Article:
There is lymph liquid and 4–6 litres of blood in the human body, the lymph being filtered in 600 –700 lymph nodes. All liquid is moving through 400.000–500.000 km of vessels, 7.000 km in each kg of soft tissues. Only one litre of the blood is moving because of the pumping pressure of the heart. The rest of the liquids move because of the motions and activity of the muscles and other soft tissues.
Our conventional and modern habits of slouched sitting, tight clothing, poor nutrition and physical inactivity greatly disturb these sensitive systems. This results in various health problems and discomfort. The sensitivity of the circulation can be demonstrated by closing a vein on the back of the hand by pressing it ever so slightly with a finger. This illustrates in a small scale how dramatically the circulation must be disturbed because of our circulation-hostile lifestyle.
Using a two-part saddle chair will significantly reduce the pressure on the soft tissues in the pelvic area, keep the clothes looser, widen the angles of the limbs and activate muscle function, thus activating circulation and the lymphatic system. The effect is most powerful in the typical pressure areas (caused by conventional office chairs), such as thighs, buttocks, genital area, back and lower limbs. Blood circulation speeds up also in the typical tension areas, such as the upper back.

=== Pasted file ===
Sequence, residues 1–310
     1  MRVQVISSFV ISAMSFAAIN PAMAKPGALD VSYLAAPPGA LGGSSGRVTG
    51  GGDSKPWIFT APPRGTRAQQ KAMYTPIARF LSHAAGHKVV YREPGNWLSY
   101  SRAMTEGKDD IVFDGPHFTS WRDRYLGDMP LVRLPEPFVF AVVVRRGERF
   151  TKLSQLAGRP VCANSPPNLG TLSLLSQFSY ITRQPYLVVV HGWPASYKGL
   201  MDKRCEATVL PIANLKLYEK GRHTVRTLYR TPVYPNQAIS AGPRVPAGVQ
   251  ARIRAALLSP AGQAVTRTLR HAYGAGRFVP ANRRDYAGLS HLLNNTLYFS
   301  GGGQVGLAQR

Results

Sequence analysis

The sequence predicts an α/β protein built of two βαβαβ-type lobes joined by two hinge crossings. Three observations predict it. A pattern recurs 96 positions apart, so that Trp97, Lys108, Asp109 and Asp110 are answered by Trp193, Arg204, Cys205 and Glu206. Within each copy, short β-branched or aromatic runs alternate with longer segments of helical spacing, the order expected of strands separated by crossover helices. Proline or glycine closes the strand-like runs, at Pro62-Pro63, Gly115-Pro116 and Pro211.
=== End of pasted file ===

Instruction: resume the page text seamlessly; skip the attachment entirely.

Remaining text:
Lower limbs benefit from the riding-like sitting too, since the hip and knee angles become wider, making it easier to use the legs and enabling the so called “muscle pump” to work properly. Sitting bones carry most of the body weight, which in turn eases the pressure on the thighs and buttocks. For example, the Gluteus Maximus muscle remains safely outside the pressure area.
A smart sitter also uses loose trousers or skirt, and underwear that are not too tight. The most beneficial alternative for the circulation would be to use loose-fitting clothes that do not press the waist.